Mariachi Arcoiris de Los Angeles, the world’s first queer mariachi band

Mariachi music, a genre made up of predominantly heterosexual men, is finally getting a splash of the rainbow.

Mariachi Arcoiris de Los Angeles, who bill themselves as the world’s first LGBTQ mariachi band, is a sonic catalyst for change and acceptance in the genre known for its “macho” male musicians. The sport rainbow-colored accents as part of their traditional wardrobe.

Mariachi Arcoiris de Los Angeles (Rainbow Mariachi of Los Angeles) will perform Saturday in downtown Los Angeles at Grand Park as part of El Grito Festival.

“We have an amazing show prepared,” Melendez told Billboard magazine. “It’s about an hour long and we’re catering to not only Latinos, but also millennials outside of the Latino community.”

Humble Beginnings

The band’s founding members, Carlos Samaniego and Natalia Melendez, started the band in college about 24 years ago after seeing discrimination against the LGBTQ community, according to Billboard.

Melendez also bills herself as the first transgender female in the history of mariachis.  

“I want what I am to make a statement for the next generation,” Melendez told the magazine. “To let them know that you can be a role model. To show them you can be a transgender woman and be successful without letting society bring you down.”

Mariachi Arcoiris de Los Angeles

Mariachi Arcoiris de Los Angeles, who bill themselves as the world’s first LGBTQ mariachi band, is a sonic catalyst for change and acceptance in the genre known for its “macho” male musicians. Photo: Mariachi Arcoiris de Los Angeles

Melendez and Samaniego met as teenagers in an after-school mariachi band, according to the Los Angeles Times. Samaniego, who came out in college, had the idea to start an all-gay mariachi band while planning a same-sex mock wedding for a campus LGBTQ activist group. Samaniego knew a true Mexican wedding wouldn’t be be complete without a mariachi, he told the publication.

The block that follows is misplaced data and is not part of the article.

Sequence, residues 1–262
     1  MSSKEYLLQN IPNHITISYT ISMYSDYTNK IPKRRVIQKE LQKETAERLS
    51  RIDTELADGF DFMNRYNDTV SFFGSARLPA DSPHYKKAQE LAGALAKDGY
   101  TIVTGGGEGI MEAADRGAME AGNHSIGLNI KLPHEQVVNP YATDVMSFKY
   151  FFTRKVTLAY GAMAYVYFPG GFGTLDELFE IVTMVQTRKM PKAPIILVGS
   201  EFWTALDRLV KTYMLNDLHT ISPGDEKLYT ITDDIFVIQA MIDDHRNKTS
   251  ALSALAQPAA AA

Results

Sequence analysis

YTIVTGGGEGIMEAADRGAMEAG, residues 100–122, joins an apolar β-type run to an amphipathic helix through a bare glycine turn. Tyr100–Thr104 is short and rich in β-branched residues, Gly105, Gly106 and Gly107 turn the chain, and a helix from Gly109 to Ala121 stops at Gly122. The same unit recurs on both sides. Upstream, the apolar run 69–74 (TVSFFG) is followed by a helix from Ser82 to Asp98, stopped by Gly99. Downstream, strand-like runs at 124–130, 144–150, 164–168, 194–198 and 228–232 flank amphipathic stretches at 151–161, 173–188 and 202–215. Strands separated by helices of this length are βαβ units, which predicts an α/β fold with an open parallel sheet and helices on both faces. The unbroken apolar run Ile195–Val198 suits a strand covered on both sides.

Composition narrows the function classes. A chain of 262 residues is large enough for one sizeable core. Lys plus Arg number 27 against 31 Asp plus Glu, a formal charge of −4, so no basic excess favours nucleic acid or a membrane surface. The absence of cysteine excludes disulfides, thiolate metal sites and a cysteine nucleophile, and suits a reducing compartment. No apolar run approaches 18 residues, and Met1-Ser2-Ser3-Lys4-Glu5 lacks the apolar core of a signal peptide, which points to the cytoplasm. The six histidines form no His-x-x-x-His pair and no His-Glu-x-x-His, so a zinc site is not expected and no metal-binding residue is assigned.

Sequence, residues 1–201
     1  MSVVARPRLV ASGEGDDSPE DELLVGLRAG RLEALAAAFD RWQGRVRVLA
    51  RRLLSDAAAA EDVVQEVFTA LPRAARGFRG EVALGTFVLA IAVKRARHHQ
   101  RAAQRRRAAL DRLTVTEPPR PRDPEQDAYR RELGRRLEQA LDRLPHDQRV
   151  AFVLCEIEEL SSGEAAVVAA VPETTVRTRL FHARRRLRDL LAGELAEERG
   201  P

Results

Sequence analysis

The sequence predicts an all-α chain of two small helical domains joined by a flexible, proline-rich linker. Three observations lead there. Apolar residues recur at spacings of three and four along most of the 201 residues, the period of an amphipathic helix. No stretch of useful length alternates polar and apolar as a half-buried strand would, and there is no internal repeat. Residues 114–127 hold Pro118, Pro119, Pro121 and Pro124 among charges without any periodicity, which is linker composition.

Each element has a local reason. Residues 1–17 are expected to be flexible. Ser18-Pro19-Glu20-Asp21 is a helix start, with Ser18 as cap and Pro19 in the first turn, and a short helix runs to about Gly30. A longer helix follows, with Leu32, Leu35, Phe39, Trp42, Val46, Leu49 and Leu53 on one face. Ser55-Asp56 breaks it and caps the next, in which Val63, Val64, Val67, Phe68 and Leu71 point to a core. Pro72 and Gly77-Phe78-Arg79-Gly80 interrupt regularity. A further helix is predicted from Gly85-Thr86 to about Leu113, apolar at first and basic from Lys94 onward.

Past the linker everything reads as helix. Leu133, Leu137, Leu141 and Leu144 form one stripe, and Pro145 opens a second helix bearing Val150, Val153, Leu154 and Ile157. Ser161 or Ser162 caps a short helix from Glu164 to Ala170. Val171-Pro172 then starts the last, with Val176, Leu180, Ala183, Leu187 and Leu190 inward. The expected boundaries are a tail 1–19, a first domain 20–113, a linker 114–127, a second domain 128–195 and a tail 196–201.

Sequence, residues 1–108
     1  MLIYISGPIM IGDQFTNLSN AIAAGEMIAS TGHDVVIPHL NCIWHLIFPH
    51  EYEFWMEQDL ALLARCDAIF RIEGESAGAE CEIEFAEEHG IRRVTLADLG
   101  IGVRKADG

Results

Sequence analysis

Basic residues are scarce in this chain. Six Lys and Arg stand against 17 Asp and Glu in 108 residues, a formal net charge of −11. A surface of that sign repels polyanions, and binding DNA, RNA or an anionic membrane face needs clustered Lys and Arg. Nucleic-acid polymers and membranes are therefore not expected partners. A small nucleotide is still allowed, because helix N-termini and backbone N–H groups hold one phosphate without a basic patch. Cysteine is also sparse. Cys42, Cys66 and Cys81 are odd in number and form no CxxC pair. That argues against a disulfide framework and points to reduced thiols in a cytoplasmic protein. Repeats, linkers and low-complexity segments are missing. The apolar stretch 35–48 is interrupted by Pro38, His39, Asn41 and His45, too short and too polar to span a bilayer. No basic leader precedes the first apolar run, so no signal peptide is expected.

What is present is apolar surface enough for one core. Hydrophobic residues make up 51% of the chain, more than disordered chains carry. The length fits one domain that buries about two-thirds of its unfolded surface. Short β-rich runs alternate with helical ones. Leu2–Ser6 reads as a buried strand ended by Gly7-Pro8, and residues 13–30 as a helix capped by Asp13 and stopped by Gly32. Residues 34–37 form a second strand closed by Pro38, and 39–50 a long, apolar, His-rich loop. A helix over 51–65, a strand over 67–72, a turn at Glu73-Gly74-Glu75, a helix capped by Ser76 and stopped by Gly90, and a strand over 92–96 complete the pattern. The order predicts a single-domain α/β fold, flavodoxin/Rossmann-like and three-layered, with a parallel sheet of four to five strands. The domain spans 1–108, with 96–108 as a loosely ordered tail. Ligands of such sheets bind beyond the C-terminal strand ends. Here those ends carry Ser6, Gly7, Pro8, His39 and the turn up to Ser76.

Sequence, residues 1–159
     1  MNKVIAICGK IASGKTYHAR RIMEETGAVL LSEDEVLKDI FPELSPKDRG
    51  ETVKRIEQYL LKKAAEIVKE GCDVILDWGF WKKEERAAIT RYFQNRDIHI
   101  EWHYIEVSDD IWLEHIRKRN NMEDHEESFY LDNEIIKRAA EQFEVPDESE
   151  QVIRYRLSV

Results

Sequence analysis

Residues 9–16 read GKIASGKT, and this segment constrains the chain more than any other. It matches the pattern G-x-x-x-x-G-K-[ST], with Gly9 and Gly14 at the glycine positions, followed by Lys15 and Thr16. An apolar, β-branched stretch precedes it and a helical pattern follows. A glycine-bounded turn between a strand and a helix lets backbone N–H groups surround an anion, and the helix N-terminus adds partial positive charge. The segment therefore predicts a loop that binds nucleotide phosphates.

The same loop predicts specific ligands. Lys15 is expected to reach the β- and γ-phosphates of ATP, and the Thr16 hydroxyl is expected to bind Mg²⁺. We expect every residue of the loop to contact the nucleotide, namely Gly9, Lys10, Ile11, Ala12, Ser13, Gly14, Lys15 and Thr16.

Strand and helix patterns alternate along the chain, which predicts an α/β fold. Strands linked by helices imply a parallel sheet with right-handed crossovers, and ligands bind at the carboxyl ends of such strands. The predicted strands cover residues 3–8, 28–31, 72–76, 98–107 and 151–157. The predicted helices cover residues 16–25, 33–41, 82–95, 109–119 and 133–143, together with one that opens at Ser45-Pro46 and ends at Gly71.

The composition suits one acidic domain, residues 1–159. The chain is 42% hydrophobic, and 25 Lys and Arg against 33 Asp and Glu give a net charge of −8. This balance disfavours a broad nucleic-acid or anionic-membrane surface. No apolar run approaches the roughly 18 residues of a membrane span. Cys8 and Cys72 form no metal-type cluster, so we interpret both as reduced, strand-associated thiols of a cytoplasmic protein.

The band played some shows, but eventually disbanded.

Transgender Discrimination

After beginning her transition, Melendez was told she’d have to choose between transitioning and being a performer. She stopped receiving calls for jobs, and even was rejected for a gig because they thought she would make someone uncomfortable.

New generation of mariachi

The band regrouped in 2014 and added the rainbow colored accents to their wardrobe. They have played everything from weddings to Pride festivals, including the DTLA Proud Festival.

For Friday’s show at Grand Park, Melendez told Billboard, “We’re going to give what we represent — an LGBTQ mariachi group that is on fire, sharp and tight.”

About the author

Lauren Torres

Lauren Torres is a journalist who has watched enough "Investigation Discovery" to be obsessed with chasing investigations through writing for the rest of her life. When not chasing investigations or aliens, Torres writes non fiction, collects anything Spider-Man related, and eats copious amounts of Hot Cheetos while watching "The Office."

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